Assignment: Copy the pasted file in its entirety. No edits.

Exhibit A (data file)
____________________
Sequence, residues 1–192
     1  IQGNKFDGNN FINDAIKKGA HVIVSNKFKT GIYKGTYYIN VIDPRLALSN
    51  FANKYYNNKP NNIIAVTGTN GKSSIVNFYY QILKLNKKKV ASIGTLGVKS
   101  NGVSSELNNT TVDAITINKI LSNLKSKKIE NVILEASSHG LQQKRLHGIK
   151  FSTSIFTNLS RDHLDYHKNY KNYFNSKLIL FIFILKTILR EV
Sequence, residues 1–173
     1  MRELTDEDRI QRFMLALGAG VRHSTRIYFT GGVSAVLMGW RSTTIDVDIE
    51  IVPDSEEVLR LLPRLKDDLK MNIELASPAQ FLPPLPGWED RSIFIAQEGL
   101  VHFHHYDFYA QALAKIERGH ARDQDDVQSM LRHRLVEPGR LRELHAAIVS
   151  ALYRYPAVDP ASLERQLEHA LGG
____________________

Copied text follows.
Sequence, residues 1–192
     1  IQGNKFDGNN FINDAIKKGA HVIVSNKFKT GIYKGTYYIN VIDPRLALSN
    51  FANKYYNNKP NNIIAVTGTN GKSSIVNFYY QILKLNKKKV ASIGTLGVKS
   101  NGVSSELNNT TVDAITINKI LSNLKSKKIE NVILEASSHG LQQKRLHGIK
   151  FSTSIFTNLS RDHLDYHKNY KNYFNSKLIL FIFILKTILR EV
Sequence, residues 1–173
     1  MRELTDEDRI QRFMLALGAG VRHSTRIYFT GGVSAVLMGW RSTTIDVDIE
    51  IVPDSEEVLR LLPRLKDDLK MNIELASPAQ FLPPLPGWED RSIFIAQEGL
   101  VHFHHYDFYA QALAKIERGH ARDQDDVQSM LRHRLVEPGR LRELHAAIVS
   151  ALYRYPAVDP ASLERQLEHA LGG